Next time we will look at a few questions: what will we wear? will we have bodies? Is there sex in heaven? How big is heaven?  Are there animals in heaven? Is there music in heaven?  Is there humor in heaven?

Friday, December 12, 2014


Hear the words of the Blessed Mother, spoken to Juan Diego in 1531...
"Listen, put into your heart, that the the thing that frightens you, that thing that afflicts you, is nothing; do not let it disturb you?  Am I not here, am i not your  mother?
Are you not under my shadow and protection?  Are you not in the hollow of my mantle, in the embrace of my arms? Let nothing else worry you or disturb you"
In these words Juan Diego found comfort and courage to continue his mission.

Today's feast is more then a commemoration of an apparition. It is looking back to a beginning of the transformation of a society, a culture, a civilization.

It was these words that enabled a civilization to be transformed.
The Aztecs went from offering human sacrifices to come to the Holy Sacrifice of the Eucharist, discovering the power of the sacrifice of Christ that brings life and joy.
It was also these words that transformed the Spaniards.  Mary through Juan Diego taught them to welcome the natives, to welcome the poor and lowly not to mistreat them.
In these words and in this image, a civilization of love began.
How much do we need to rediscover this civilization for ourselves, for our families, for our community, for our world.
Each time we look upon this image we are remind of the task at hand.  The mission did not end with Juan Diego but it begins a new with each of us who call her mother, who call him savior.
We pray that God will trace in our actions the lines of the mother's love and trace in our hearts her readiness of faith so that we may be instruments of that transformation of that civilization.
Like Juan Diego we must respond to life in faith and no longer react.  It is faith it is not instinct that drives us and determines our actions and our response of love.
It is not fear, it is not jealousy, it is not lust, it is not selfish desires, it is not hate, it is not resentment, it is not our differences;
we must be ready to respond in faith so we can build the civilization of love.  This is how we become children of such a mother as our lady of Guadalupe.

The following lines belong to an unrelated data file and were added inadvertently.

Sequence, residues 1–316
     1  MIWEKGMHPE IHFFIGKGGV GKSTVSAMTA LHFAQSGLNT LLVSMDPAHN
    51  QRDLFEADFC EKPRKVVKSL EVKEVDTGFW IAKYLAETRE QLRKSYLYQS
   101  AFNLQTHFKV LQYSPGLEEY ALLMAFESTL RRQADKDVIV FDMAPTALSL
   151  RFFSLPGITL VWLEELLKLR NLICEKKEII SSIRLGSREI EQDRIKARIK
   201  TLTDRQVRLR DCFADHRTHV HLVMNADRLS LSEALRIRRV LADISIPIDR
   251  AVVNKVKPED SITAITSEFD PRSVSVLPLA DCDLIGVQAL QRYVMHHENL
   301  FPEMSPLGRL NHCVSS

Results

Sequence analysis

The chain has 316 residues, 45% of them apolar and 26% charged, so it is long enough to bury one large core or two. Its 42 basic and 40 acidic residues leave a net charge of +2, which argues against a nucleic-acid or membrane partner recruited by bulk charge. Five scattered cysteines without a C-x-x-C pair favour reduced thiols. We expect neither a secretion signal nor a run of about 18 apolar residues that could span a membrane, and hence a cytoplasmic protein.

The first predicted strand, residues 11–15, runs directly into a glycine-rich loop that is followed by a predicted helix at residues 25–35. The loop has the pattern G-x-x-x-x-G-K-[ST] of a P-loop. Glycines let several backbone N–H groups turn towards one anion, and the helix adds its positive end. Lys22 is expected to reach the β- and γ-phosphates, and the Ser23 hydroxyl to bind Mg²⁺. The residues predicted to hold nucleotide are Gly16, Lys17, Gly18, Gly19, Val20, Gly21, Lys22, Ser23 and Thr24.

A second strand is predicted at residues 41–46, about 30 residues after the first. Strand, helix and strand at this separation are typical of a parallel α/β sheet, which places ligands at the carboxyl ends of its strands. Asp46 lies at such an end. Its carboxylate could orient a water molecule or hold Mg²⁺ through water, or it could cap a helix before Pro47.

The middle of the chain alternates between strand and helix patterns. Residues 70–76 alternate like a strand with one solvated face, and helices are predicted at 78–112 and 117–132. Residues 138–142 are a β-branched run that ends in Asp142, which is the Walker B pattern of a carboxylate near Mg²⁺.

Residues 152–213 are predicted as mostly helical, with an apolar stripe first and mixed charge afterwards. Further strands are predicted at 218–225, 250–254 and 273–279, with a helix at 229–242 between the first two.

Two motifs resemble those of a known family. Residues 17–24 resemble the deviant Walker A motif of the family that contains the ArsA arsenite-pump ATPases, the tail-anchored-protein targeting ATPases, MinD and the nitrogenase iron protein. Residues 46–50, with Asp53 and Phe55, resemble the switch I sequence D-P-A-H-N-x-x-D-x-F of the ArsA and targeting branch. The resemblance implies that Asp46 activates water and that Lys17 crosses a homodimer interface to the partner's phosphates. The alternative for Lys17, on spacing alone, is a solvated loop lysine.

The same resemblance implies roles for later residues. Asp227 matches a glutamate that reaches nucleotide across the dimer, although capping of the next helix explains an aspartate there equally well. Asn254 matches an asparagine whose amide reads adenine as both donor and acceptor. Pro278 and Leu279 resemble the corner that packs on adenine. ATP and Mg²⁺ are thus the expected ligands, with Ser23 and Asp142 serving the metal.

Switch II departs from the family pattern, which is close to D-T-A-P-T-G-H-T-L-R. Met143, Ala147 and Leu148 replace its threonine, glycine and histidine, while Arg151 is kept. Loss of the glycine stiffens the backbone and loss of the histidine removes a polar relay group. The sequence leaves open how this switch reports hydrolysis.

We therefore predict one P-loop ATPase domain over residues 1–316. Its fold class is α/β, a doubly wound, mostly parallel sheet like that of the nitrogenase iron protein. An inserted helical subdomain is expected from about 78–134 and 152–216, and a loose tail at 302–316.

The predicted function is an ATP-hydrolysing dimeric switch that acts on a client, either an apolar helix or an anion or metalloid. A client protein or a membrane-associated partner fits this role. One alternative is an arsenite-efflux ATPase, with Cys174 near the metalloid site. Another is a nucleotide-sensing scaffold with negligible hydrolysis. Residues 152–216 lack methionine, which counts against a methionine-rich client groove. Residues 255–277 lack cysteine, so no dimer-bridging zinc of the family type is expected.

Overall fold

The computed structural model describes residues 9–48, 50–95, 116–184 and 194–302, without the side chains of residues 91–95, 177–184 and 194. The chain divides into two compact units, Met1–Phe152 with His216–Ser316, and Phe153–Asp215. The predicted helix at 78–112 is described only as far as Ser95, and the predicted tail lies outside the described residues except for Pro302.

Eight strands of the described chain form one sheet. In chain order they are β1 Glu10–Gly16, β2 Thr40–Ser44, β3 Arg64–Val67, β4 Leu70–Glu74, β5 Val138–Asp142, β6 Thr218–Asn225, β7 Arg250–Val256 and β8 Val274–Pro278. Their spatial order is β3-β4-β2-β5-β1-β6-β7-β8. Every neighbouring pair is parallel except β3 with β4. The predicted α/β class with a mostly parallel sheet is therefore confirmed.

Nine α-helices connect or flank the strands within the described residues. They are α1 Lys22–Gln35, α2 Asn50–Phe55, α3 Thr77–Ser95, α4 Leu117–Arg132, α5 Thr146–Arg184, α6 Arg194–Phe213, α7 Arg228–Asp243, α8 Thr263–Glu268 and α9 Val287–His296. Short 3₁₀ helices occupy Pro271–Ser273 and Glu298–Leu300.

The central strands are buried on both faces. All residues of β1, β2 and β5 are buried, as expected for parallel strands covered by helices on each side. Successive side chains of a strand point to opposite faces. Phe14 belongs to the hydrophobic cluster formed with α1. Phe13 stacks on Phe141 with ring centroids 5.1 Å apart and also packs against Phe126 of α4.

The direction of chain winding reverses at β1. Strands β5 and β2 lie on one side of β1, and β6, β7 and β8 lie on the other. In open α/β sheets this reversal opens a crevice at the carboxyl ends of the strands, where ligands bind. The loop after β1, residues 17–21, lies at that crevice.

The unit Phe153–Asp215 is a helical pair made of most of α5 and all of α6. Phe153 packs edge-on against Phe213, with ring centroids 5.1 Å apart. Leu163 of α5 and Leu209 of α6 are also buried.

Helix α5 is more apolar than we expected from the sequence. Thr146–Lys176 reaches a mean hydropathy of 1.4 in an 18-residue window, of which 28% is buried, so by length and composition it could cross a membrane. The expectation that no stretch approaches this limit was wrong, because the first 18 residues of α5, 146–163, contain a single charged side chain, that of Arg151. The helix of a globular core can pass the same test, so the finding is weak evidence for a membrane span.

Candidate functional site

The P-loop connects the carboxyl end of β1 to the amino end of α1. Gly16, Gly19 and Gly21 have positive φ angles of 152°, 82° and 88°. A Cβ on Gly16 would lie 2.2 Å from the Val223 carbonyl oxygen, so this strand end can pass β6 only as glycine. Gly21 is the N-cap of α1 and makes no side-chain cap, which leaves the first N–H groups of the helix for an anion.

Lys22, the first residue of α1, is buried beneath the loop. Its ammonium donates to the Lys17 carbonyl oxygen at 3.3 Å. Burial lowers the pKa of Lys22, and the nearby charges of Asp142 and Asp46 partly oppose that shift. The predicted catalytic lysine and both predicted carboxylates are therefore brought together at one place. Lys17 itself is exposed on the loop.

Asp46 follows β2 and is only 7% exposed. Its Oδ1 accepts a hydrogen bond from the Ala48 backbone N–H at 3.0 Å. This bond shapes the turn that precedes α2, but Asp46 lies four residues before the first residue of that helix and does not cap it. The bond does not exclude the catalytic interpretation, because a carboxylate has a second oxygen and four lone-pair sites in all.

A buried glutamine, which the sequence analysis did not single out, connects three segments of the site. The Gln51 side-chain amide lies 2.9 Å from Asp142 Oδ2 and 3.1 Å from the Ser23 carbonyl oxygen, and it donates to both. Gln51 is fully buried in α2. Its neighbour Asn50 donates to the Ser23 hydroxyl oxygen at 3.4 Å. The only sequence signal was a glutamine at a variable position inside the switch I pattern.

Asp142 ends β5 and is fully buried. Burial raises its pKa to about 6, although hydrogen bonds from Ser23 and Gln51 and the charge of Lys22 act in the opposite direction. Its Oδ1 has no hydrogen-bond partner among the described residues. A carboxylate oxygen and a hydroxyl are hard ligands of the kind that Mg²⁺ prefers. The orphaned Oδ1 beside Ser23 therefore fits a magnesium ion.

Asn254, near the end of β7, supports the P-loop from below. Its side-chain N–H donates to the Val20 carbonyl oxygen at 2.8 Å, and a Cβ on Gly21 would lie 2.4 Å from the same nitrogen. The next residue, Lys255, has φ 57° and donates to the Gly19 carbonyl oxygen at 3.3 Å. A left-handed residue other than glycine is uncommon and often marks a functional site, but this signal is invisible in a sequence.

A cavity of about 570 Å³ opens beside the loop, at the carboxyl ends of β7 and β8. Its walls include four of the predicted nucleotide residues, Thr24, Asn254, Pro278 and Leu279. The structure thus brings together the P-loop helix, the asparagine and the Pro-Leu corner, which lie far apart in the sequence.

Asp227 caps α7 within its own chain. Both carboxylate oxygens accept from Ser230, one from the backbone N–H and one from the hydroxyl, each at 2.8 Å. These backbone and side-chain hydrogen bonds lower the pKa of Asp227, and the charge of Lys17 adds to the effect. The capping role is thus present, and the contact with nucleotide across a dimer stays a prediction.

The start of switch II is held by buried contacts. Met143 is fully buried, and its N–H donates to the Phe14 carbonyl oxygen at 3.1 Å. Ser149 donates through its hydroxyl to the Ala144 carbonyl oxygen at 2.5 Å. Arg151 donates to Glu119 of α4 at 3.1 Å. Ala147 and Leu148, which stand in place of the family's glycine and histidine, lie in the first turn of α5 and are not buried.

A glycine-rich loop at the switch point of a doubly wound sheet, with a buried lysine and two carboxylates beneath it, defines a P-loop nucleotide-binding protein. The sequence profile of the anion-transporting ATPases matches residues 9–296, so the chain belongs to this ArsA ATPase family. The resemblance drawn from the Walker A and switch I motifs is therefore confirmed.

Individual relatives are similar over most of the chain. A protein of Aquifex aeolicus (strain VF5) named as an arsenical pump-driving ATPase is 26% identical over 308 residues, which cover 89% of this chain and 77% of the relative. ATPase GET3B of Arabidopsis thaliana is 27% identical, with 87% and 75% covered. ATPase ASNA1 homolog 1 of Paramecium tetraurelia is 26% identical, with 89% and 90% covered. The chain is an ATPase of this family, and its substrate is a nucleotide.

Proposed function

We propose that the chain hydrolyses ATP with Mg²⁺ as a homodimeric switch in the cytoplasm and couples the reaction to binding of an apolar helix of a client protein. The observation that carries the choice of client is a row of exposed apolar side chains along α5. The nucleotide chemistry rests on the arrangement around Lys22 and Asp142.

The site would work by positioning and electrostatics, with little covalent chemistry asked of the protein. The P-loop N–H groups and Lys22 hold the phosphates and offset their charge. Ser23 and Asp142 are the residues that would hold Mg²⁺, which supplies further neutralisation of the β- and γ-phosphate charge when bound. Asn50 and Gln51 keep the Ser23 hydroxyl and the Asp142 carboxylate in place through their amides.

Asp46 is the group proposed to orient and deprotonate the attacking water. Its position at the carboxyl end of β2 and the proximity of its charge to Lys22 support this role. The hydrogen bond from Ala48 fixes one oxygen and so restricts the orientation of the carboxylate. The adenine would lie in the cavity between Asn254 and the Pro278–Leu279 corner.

As we see in the first reading Mary fights the dragon and the dragon is no match.  She comes to fight with us and for us.  Let us enter the fight with boldness and courage. 

She disperse our fear and brings us joy and hope.  This is why Mary travels to visit Elizabeth she brings the closeness of God into a desperate situation and joy burst forth for even the baby leaps in his mother's womb. 

This is why Mary traveled to Tepeyac in 1531; she comes to scatter fear and bring joy and hope.  We have a reason to leap for joy.  


Matthew 11:11-15

Jesus speaks these words in today's gospel, "And if you are willing to accept it, he is Elijah, the one who is to come.  Whoever has ears ought to hear."

The anticipation and expectation of Elijah to arrive on the scene prior to the Messiah was a big deal in the Jewish Religious sensibility.

The prophet Maalchi is the one who insist on this fact, Elijah will return to point out the Messiah.

So the anticipation was great and the expectation was greater.  Either seemed to be a problem.

As people anticipated Elijah's return they expected him to come back the same way he ascended to heaven,  on a fiery chariot.

The problem was that this expectation actually hindered the ability of the folks to recognize and receive the gift of Elijah's return.  They were so insistent that it had to be one way that they closed themselves off to the immense and limitless way God works.

It was necessary to expect the coming but it was the expected ways of return that clogged the mind and prevented proper recognition of John the Baptist in the spirit of Elijah.

How often do our own expectations hinder what we expect and our ability to celebrate the arrival of such a fulfillment of expectations.